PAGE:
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Toxicological information

Acute Toxicity: oral

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Administrative data

Endpoint:
acute toxicity: oral
Type of information:
migrated information: read-across based on grouping of substances (category approach)
Adequacy of study:
key study
Study period:
1990-03-01 - 1990-05-02
Reliability:
2 (reliable with restrictions)
Rationale for reliability incl. deficiencies:
other: see 'Remark'
Remarks:
The GLP study was conducted according to an internationally accepted guideline. All study parameters are given in detail.Nevertheless, according to the ECHA's practical guide 6: "How to report read-across and categories" the maximum for read-cross is 2.

Data source

Reference
Reference Type:
study report
Title:
Unnamed
Year:
1990
Report Date:
1990

Materials and methods

Test guideline
Qualifier:
according to
Guideline:
OECD Guideline 401 (Acute Oral Toxicity)
Deviations:
no
GLP compliance:
yes
Test type:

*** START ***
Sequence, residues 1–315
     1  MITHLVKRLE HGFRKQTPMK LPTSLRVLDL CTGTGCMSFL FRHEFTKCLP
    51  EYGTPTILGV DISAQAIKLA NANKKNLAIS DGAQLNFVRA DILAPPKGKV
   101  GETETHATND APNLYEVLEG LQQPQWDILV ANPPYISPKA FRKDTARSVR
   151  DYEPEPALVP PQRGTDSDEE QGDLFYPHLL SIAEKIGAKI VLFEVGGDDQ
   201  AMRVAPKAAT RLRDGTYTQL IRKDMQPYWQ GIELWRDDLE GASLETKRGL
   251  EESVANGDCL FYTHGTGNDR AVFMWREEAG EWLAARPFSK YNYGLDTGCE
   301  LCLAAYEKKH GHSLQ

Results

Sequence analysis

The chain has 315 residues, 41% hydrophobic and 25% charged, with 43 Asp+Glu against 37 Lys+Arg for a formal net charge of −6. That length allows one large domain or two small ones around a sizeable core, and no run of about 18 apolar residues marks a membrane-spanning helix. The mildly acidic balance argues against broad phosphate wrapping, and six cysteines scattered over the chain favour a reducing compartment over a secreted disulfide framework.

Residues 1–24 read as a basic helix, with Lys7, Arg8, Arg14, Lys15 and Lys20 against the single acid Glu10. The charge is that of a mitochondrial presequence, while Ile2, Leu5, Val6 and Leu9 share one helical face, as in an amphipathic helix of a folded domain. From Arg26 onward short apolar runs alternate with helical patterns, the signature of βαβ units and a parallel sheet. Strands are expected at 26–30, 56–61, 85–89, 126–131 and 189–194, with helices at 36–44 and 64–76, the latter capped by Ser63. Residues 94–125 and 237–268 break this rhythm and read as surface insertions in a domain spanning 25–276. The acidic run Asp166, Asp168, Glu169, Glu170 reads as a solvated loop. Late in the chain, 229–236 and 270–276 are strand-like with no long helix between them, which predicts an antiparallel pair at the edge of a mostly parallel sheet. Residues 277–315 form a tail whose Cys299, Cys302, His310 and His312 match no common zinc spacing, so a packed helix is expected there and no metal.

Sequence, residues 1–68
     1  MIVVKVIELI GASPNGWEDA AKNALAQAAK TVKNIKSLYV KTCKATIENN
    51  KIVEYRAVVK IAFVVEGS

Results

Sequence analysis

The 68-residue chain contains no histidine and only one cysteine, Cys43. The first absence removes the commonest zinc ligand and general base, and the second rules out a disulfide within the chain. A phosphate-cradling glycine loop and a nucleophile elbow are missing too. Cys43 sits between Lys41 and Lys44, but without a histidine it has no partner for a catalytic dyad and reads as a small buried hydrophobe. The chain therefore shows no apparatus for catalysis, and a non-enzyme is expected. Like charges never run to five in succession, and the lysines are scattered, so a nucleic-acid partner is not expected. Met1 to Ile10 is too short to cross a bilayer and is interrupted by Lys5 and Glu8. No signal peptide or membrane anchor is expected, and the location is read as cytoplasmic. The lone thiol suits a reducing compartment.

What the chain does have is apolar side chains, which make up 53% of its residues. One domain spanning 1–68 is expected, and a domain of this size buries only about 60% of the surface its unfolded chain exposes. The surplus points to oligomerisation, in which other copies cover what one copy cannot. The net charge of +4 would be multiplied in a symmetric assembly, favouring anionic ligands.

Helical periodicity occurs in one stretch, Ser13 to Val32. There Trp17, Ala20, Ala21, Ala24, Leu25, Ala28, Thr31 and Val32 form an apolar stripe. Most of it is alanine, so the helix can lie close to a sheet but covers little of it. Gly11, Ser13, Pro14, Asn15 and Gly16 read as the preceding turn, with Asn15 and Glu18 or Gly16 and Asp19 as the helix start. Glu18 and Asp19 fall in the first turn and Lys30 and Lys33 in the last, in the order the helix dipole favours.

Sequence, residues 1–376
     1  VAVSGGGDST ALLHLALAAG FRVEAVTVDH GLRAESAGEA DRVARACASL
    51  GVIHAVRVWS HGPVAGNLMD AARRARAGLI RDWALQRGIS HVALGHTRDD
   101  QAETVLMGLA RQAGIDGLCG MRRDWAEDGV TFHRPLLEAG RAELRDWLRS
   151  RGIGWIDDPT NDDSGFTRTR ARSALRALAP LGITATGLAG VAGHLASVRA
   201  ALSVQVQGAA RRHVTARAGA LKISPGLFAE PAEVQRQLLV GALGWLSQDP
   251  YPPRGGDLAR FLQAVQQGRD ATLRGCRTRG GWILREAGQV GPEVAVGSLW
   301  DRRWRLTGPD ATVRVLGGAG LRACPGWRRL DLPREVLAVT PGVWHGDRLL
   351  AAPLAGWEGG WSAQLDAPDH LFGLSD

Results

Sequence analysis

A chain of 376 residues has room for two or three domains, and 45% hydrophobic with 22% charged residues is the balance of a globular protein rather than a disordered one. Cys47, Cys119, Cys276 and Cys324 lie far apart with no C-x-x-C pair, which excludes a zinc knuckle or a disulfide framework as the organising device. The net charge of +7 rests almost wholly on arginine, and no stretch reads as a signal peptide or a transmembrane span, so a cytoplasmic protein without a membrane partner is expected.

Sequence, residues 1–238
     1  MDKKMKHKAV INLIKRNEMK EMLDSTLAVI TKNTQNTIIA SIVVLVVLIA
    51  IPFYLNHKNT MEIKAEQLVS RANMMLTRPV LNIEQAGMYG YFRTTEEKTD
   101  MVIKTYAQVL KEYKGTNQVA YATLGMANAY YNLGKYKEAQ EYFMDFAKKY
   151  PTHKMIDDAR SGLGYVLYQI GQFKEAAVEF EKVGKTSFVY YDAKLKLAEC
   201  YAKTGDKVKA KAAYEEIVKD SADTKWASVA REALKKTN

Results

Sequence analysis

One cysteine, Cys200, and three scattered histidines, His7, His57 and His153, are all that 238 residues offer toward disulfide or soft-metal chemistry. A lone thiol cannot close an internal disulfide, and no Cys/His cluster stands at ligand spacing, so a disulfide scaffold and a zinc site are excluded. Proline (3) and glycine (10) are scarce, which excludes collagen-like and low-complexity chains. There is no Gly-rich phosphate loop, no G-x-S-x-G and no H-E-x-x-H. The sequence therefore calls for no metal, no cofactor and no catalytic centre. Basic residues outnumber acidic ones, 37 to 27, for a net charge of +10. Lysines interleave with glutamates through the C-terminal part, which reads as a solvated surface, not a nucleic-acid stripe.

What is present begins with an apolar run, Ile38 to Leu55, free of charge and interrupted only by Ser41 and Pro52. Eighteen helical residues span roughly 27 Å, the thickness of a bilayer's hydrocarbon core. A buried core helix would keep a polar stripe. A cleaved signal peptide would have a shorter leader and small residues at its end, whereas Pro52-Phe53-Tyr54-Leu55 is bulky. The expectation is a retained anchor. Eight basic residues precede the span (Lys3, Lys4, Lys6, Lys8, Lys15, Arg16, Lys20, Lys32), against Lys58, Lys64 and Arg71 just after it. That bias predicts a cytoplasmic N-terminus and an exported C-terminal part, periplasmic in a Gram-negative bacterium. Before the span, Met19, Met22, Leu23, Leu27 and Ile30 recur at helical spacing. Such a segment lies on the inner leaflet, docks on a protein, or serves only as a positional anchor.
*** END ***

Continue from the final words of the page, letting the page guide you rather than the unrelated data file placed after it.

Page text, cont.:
standard acute method

Test material

Reference
Name:
Unnamed
Type:
Constituent
Test material form:
other: liquid
Details on test material:
- Name of test material (as cited in study report): NISSEKI-SAS-40 (Mixture of benzyl-toluene and diphenyl ethan)
- Molecular formula (if other than submission substance): C14 H14
- Molecular weight (if other than submission substance): 182.27
- Structural formula attached as image file (if other than submission substance): see 'attached background material'
- Substance type: organic
- Physical state: liquid

Test animals

Species:
rat
Strain:
Sprague-Dawley
Sex:
male/female
Details on test animals and environmental conditions: